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It’s Not About Gaps, It’s About Educator Debts

It’s Not About Gaps, It’s About Educator Debts

I was at a professional learning session about learning design this week when I heard the instructor say something about achievement gaps that stopped me in my mental tracks. The conversation was centered around the constant challenge of growing achievement gaps that school educators face. There is a consistent conversation around how to help students close the gap, what can be done to enhance teaching and learning to assist in the problem, and who’s to blame (usually the student). As the conversation continued, I couldn’t help but pause to process the statement that caused an immediate mind-shift in me…

“It’s not an achievement gap, it’s a debt we owe to that child. And we can’t have students leave our system with debts that we owe them.”

This simple statement takes the blame off of the students and shifts it to the educator. A common belief about the achievement gap has the dialogue focused on a myriad of student-based characteristics that are labeled as the culprit of lessons unlearned. The conversation is centered around low learning levels, needs for modifications, motivation apathy, lack of family support, and other challenges that educators face today. And while all of those factors truly are threats to the idea of ideal class environments, there are factors that lead to the educator's responsibility that are rarely talked about in some of these cases.

There are circumstances that create the debt that the students do not have any control over that are a part of broken systems. For example, not all classrooms have shifted from the traditional classroom setting that hindered students for far too long. There are classrooms where there are high levels of sit and get structures, the desks are in rows, they’re receiving cumulative grades that hide competency deficiencies, and there is no clout given to the the individual needs and interests of the kids. That specific type of classroom is a direct contributor to the debt the students are accumulating in those environments. The teaching is tailored one way with the hope that all students retain the learning and content. We are doing our students a disservice far greater than owing them debts that are owed while in the K-12 system. We are creating debts for their futures as 38% of our high school graduates are graduating without college readiness skills needed to spring into their futures. We owe our kids so much more than that when they walk into the doors of our classrooms.

We must examine the way our schools operate and highlight the pockets of personalized learning that are happening to be a catalyst for more of the personalized change. Once teachers see that personalized learning doesn’t have to be a grand idea that is hard to grasp and that some of the ways they teach can easily transition into a personalized learning model, they will feel encouraged to try more and more until there is a full systems reform. Within the confines of that examination, district leadership should put an implementation plan in place to roll out a systematic change that will eventually trickle down to real learning for students. The classrooms that are leveling the playing field for students are ones that have flexible learning environments, competency-based progression, learner profiles, and personal learning paths. There are real results in making learning personal for our students. The Lindsay Unified School District, made up of 35% of English language learners with 100% of their students on free or reduced lunch, saw large student academic debt forgiven when their graduation rates went from 76% to 87% in four years after beginning to use custom learning paths for students.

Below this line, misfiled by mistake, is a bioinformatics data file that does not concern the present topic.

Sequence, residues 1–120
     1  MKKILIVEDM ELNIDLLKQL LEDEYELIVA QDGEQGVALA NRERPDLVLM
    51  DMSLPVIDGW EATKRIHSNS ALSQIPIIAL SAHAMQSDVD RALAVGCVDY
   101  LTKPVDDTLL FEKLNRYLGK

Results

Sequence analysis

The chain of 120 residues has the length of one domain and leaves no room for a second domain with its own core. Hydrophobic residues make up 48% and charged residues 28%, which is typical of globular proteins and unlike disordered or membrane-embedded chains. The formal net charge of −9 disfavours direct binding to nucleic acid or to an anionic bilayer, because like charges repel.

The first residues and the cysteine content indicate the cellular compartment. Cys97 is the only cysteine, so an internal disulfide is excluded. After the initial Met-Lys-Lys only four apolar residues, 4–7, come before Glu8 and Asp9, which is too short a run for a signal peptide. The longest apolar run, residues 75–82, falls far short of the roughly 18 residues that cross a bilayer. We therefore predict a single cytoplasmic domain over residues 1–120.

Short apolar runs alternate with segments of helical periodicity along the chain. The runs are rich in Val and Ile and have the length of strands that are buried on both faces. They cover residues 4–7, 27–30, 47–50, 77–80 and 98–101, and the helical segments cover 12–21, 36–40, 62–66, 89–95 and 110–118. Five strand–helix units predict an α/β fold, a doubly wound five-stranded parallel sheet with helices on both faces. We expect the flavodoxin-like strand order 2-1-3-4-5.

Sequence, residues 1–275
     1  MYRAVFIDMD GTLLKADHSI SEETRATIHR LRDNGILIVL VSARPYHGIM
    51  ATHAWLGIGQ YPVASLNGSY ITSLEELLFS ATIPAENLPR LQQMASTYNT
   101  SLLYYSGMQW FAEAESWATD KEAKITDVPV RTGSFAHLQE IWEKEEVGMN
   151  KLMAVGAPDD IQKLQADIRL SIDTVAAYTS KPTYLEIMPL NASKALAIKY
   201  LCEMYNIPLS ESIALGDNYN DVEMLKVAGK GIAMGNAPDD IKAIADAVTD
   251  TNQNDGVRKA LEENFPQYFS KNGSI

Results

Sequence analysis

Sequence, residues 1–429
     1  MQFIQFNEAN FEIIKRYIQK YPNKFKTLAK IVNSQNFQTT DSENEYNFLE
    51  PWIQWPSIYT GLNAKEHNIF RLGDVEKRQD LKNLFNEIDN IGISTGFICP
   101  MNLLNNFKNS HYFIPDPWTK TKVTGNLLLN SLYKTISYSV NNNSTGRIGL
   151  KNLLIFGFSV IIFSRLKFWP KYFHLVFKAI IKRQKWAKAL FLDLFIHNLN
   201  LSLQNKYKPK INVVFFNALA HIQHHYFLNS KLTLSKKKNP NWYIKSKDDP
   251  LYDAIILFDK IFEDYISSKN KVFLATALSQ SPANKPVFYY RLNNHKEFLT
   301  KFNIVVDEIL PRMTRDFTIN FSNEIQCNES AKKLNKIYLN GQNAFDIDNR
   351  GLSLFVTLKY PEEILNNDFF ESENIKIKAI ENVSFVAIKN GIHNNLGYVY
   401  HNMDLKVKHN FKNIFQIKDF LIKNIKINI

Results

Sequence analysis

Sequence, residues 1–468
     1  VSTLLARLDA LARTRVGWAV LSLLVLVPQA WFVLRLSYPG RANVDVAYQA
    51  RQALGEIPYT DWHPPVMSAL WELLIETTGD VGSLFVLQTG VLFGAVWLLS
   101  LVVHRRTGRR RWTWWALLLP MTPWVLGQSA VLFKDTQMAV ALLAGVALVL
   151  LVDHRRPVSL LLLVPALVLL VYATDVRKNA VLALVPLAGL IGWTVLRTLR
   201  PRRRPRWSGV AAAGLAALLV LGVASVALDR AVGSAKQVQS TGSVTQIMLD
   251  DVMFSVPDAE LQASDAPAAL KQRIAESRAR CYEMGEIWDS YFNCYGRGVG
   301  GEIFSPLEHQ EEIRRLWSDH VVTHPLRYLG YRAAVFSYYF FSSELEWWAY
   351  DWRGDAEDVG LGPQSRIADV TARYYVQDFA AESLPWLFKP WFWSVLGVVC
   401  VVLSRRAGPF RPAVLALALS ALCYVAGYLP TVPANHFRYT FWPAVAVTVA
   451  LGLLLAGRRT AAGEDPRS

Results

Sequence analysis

I believe the debts students are acquiring in the American educational system can be thwarted with an intention to personalize learning in classrooms. Achievement gaps are formed because of a one-size-fits-all experience where kids are being lost in the systematic approach. Debts are repaid when we start looking at students' strengths and needs in multiple ways, not just an overall picture. When we can break down each student's learner profile and apply that information to the way we teach them, growth will take place. We will see academic progress when students can measure successes based on the standards within units rather than based on mastery of the content of the whole subject. When we offer a school setting that is flexible and breaks down the old walls of the classroom to offer possibilities and innovation to students in a way we’ve never offered it before, we create an opportunity for students who leave our schools with a surplus of rich academic experiences where gaps are minimal.

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This is a guest blog post from Monica Shallenberger, he Instructional Officer of Professional Learning for Klein ISD in Texas.

About Monica Shallenberger - Guest Author

Monica Shallenberger is the Instructional Officer of Professional Learning for Klein ISD in Texas. Monica’s work focuses on the power of reimagining professional learning and shifting former ways of adult learning to an innovative model full of engagement and personalization. Previously she served as a high school associate principal and intermediate assistant principal where she gained valuable leadership experience and a big picture mentality. Monica started her educational career serving students as a high school speech, English, and college career readiness teacher in the career she dreamed of since elementary school. Monica was recognized as District Secondary Teacher of the year in 2015.

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